Dangerous Surfs to Threaten Beachgoers in Antigua and Barbuda Easter Monday

17 04 2017

Dale C. S. Destin |

Those heading to the beaches in Antigua and Barbuda should be wary of the threat of strong rip currents Easter Monday through Wednesday.

Seas Forecast Apr 17, 2017

Beaches on the northern and eastern sides of the islands will be at greatest risk for stronger and more frequent rip currents through midweek, due to large swells. Seas are on the rise and will peak on Tuesday with a combination of wind waves and swells nearing 3.0 metres (10 ft) occasionally reaching 3.8 metres (13 ft).

A huge low pressure system near the centre of the North Atlantic is pushing large swells to the region. Meanwhile, the winds in the area are on the increase, which will cause a rise in the wind waves.

Low pressure systems

Rip currents are not new to our shores. They are always present in situations like this and are characterised by water flowing away from the shore. The strength of the current is usually proportional the height of the swells.

Vacationers and residents should take precautions while at the beach. It would be prudent to seek out only beaches under the watch of lifeguards, if possible, and heed all warnings issued. The west facing beasches should be least affected.

Should you ever get caught in a rip current, never attempt to swim directly back to shore as you will be swimming against the current. Instead, swim parallel to the beach to escape the current’s grip before swimming ashore.

Small craft should use caution and heed all advisories, as seas will also be rough.

Similar sea conditions are forecast for most of the rest of the Leeward Islands, the Virgin Islands, Puerto Rico, Hispaniola, the eastern parts of the Bahamas, the Winward Islands and Barbados. The swells will also eventually reach Trinidad and Tobago and the Guyanas late Tuesday.

It is also likely to be a somewhat wet Easter Monday as the same low pressure system mentioned above is pulling a lot of moisture across the islands. The range of the possible rainfall total is wide – 0 to 12 mm (0 to 0.48 in).

The increasing wind will peak late Easter Monday at around 16 knots (18 mph) over open waters and 13 knots (15 mph) over land. Frequent higher gusts will take place.

Seas will return to near normal levels on Thursday.





Storm-Force Winds and Hurricane-Like Seas to Impact Antigua and Barbuda This Weekend

17 12 2016

Dale C. S. Destin |

Significant tightening of the pressure gradient across the area is expected to cause strong winds with frequent gusts to storm force strength or gale force. The seas will respond to the strong winds and become very rough.

Surface chart

Surface Chart for Sunday 8 am, Showing a Tight Pressure Gradient As Evident by the Closeness of the Isobars (pressure lines)

The winds – they will generally be in excess of 18 mph (16 kt) from late Saturday night to Monday afternoon. The winds will peak as high as 30 mph (26 kt) with frequent gusts between 38 and 46 mph (33 and 38 kt) Sunday morning to Monday morning.

High Sustained Winds

Sustained Winds

Wind Gusts

Wind Gusts

The seas –  they will respond to the winds and become very rough, rising to as high as 3.9 metres (13 ft) on Sunday night. Waves will rise above six feet by Saturday morning and remain above this height through midweek. Waves of 2.7 to 3.9 metres (9 to 13 ft) will prevail from Saturday night to Wednesday. Waves are expected to fall off rapidly after Wednesday.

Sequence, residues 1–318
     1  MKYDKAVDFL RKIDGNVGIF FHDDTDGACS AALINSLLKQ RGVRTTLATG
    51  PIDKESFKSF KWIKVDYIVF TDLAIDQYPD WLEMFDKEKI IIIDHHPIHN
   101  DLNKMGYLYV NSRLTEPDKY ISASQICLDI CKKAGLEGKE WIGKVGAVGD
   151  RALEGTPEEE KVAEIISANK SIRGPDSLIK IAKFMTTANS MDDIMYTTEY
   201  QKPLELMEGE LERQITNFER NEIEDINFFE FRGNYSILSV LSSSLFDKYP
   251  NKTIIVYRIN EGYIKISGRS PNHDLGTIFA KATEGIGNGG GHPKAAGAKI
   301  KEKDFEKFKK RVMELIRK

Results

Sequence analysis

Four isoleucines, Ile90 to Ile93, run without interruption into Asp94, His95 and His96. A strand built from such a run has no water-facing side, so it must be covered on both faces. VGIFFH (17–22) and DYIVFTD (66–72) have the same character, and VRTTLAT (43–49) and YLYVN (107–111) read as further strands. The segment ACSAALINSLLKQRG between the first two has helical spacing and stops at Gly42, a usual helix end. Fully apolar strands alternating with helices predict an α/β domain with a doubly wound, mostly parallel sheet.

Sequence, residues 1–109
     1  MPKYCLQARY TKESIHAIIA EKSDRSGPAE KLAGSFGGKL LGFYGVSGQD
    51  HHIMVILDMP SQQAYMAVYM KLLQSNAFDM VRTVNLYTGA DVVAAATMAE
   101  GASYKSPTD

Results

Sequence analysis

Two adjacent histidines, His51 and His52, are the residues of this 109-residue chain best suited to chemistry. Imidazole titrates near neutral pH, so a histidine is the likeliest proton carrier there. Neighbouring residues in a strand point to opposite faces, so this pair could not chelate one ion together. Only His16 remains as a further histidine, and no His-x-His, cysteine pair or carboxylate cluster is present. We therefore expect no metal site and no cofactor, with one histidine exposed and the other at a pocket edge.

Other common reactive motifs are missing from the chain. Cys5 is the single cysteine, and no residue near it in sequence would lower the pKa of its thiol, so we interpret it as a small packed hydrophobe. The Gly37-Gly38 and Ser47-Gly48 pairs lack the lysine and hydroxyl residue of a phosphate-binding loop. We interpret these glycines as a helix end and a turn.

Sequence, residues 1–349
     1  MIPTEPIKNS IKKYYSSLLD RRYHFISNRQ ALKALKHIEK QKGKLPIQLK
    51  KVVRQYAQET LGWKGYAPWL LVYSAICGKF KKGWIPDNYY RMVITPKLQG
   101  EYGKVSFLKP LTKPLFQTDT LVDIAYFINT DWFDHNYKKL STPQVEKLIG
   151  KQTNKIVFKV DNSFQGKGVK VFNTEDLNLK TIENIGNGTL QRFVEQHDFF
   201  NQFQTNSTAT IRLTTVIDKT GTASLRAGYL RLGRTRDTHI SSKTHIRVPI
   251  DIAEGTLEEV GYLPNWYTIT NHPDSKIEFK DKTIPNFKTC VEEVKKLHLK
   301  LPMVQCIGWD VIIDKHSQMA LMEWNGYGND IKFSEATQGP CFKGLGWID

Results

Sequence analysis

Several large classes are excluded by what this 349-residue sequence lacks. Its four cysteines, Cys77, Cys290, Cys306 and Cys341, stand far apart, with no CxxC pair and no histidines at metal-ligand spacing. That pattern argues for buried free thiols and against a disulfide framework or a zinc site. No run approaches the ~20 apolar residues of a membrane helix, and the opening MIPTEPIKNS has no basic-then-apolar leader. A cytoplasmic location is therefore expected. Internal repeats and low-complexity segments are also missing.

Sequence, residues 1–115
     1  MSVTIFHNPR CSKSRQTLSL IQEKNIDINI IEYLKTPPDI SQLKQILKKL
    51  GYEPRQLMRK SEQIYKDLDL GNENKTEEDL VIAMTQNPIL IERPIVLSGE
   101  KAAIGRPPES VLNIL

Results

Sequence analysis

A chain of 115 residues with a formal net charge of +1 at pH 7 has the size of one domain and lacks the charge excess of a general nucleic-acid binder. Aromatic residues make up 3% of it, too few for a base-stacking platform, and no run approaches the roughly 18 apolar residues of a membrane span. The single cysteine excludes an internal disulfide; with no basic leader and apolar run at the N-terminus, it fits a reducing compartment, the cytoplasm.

Seas

Seas

The cause – as indicated above, it is the substantial tightening or steepening of the pressure gradient.  This is in response to a very strong surface high pressure system moving from west to east across the Atlantic from the United States.  This will NOT be due to any tropical cyclone (tropical depression, tropical storms or hurricane).

Fundamentally, wind blow as a result of pressure differential (pressure gradient). The greater the pressure between point A and point B (pressure gradient) the stronger the winds.

Where – the strong winds will mostly take place over open waters, exposed eastern coastal areas and elevated areas of Antigua and Barbuda. The seas will be roughest in the Atlantic coastal waters east of the islands, as the winds will be generally easterly. Similar conditions are expected across most of the rest of the Eastern Caribbean. However, Antigua and Barbuda could get the worst of it.

Precautions – The Antigua and Barbuda Meteorological Services have issued warnings for sea-bather and small craft operators. The former should avoid the beaches, especially those on the Atlantic or eastern side of the islands, and the latter should not venture far from port, at least, until Thursday.

A small craft warning generally means that wind speeds in excess of 16 knots is causing or expected to cause hazardous sea conditions to small craft within 24 hours. Inexperience mariners, especially those operating smaller vessels should avoid navigating these conditions.

According to the Beaufort Scale, gale-force winds run from 39 to 54 mph (34 to 47 kt). Operating a vessel in gale conditions requires special expertise and specially equipped vessels. It is highly recommended that mariners without the proper experience seek safe harbour prior to the onset of gale conditions.

The strong winds, especially if frequently gusting to gale force, could also make some outdoor activities very uncomfortable if not hazardous, please be guided accordingly.

We will be keeping a close eye on this developing situation and keep you informed via our social media platform: twitterfacebookinstagramtumblrflickrgoogle+, and youtube.








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